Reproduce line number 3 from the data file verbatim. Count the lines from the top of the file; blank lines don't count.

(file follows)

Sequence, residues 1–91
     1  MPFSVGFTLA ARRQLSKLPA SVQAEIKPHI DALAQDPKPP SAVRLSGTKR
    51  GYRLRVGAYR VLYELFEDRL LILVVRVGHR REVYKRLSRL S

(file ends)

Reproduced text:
    51  GYRLRVGAYR VLYELFEDRL LILVVRVGHR REVYKRLSRL S